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Results 1 to 4 of 4
  1. #1

    Join Date
    Aug 2013

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    Default Sajica cichlid and glowlight tetras?

    0 Not allowed!
    Would it work? Or do you think the sajicacichlid will eat the tetras? The tank is 100 gallon.

  2. #2

    Join Date
    Jan 2009
    A little further from sanity

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    0 Not allowed!
    Any carnivorous or omnivorous fish will eat other fish if they can. Since the Sajica will get up to 5" and the glowlights stay tiny I would think the glowlights would become snacks.
    When I go fishing I just throw sharp rocks in the water and wait for the dead fish to float to the top... Kingfisher
    Everything happens for a reason. Sometimes that reason is you are stupid and make bad decisions.

    I think my fish is adjusting well to the four gallon, He's laying on his side attempting to go to sleep on the bottom of the gravel.
    Imitation is the sincerest form of flattery.
    Dear naps, sorry I hated you so much when I was a child... Love me

  3. #3

    Join Date
    Aug 2013

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    0 Not allowed!
    Oh okey :/. I think sajicas have pretty small mouths but maybe they still are big enough to eat some tetras... But ok, I will have keyhole cichlids and bolivian rams instead :)

  4. #4

    Join Date
    Nov 2008
    Vancouver, BC, Canada

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    0 Not allowed!
    I agree with mommy1. I have not myself kept this fish, but according to the info on the cichlid site, when kept with other fish they need to be robust and hardy in nature, though not large enough to eat this cichlid. I think that rules out most small fish like tetra.

    Your alternatives are better. Some info on the Keyhole from my profile of the species, Cleithracara maronii:
    Origin and Habitat: Rio Orinoco basin (Venezuela) eastward through Suriname, Guyana and as far as the Rio Ouanary in French Guyana; possibly Trinidad. This species is not abundant, occurring in small populations within this geographical area. It is found in slow-moving, shallow coastal forest streams that are often stained brown from the tannins of decaying wood. The population reported from Trinidad has not been encountered since 1965 according to Kullander.

    Compatibility/Temperament: Very peaceful except when spawning. This is a very shy and retiring species, easily frightened [see additional discussion under Description] and should not be combined with other more aggressive cichlids. Peaceful characins, rasbora, and substrate fish are ideal as "dither fish" to lessen this species' natural shyness. In larger tanks, it may be combined with discus, angelfish and some of the dwarf cichlids.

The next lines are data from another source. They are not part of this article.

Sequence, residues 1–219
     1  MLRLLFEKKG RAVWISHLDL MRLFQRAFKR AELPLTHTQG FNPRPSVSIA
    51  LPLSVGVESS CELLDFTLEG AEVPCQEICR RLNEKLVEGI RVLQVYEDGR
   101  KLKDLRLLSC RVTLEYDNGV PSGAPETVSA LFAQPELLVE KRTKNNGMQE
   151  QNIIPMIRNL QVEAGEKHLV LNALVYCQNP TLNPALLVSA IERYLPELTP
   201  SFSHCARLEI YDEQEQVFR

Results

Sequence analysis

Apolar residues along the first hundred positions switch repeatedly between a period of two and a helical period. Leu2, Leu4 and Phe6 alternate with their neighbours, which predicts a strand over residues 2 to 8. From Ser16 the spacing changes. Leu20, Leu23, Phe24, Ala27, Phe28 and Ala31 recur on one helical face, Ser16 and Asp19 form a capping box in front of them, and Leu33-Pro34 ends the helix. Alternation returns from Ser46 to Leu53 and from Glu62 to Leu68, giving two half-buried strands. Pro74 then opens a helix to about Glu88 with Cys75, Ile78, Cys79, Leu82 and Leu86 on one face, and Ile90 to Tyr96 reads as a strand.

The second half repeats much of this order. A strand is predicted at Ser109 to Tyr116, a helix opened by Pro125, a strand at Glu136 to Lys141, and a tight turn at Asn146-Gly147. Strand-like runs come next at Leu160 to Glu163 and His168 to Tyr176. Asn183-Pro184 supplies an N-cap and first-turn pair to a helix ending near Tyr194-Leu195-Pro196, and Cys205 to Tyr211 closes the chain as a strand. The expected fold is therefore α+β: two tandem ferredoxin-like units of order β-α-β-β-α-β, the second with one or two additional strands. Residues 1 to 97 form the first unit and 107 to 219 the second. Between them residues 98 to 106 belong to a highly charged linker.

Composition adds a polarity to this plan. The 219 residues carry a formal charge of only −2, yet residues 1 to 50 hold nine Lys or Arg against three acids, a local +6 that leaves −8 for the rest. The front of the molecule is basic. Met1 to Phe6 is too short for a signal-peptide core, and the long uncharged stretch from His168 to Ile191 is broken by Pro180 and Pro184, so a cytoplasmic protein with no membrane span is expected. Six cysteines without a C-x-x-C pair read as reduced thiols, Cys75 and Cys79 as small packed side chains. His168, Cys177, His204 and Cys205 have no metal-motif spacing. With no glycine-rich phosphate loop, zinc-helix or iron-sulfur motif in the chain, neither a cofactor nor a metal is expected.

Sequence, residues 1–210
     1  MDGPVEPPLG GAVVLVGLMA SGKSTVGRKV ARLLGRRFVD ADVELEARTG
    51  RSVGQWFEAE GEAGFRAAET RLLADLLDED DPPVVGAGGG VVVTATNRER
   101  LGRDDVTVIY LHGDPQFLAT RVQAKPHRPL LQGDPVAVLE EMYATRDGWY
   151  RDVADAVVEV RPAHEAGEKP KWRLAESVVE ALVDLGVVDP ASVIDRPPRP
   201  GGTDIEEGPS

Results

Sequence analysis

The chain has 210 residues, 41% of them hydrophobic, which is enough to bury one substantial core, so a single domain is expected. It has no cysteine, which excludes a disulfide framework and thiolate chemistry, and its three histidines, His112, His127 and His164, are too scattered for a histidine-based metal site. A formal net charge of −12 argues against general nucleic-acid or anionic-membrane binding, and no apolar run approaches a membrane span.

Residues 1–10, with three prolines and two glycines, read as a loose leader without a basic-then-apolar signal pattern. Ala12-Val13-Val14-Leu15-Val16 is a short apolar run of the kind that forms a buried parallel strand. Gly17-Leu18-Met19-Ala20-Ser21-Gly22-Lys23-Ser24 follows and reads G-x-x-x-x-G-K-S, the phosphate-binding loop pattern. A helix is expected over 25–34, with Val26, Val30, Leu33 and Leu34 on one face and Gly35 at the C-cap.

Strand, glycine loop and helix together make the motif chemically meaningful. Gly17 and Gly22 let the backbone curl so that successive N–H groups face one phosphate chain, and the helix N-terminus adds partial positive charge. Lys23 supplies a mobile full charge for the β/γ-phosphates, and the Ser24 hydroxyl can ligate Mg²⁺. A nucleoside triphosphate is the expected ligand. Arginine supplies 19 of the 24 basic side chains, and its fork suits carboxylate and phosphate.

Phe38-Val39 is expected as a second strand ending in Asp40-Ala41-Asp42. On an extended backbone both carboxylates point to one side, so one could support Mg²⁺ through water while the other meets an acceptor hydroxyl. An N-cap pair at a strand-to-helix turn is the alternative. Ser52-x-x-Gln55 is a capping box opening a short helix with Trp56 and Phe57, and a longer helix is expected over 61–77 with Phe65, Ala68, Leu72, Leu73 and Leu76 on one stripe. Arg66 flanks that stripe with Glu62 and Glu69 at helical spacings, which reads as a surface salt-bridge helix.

Description: An ideal cichlid for a community aquarium of non-aggressive fishes. Kept on its own, it will likely be very shy and retiring, and prone to stress. The presence of other fish (termed dither fish) will keep it more settled and relaxed. This is certainly not a fish for a barren tank, in which it will be highly stressed.

    The aquarium should have a dark substrate, with some flat stones and several chunks of bogwood, and floating plants to shade the light that should not be bright. This would replicate its natural habit, but additional plants will also be suitable especially as they will provide more cover. Keeping in mind its natural habitat, the flow from the filter must be minimal, something that will also suit most forest fish that make good tankmates. Cichlids other than discus, angelfish and the South American dwarf species should not be kept with this species to avoid stress.

    When this fish is frightened or endangered, it will fix itself against a log and change its colouration and patterning in an attempt to blend in with the background. This camouflage is very useful to the fish in the wild.

    On the Bolivian (Mikrogeophagus altispinosus), this fish is best either singly (one fish of the species) or as a bonded pair. You could do a small group in a 100g tank, though with the other fish I probably would not. I have a lone male in my 5-fgoot 115g and he owns the tank; there are no other cichlids though, so he is quite docile, but he still is head fish and the others know it.

    Last edited by Byron; 11-03-2013 at 05:57 PM.
    Byron Hosking, BMus, MA
    Vancouver, BC, Canada

    Something we all need to remember: The fish you've acquired was quite happy not being owned by you, minding its own business. If you’re going to take it under your wing then you’re responsible for it. Every aspect of its life is under your control, from water quality and temperature to swimming space. [Nathan Hill in PFK]

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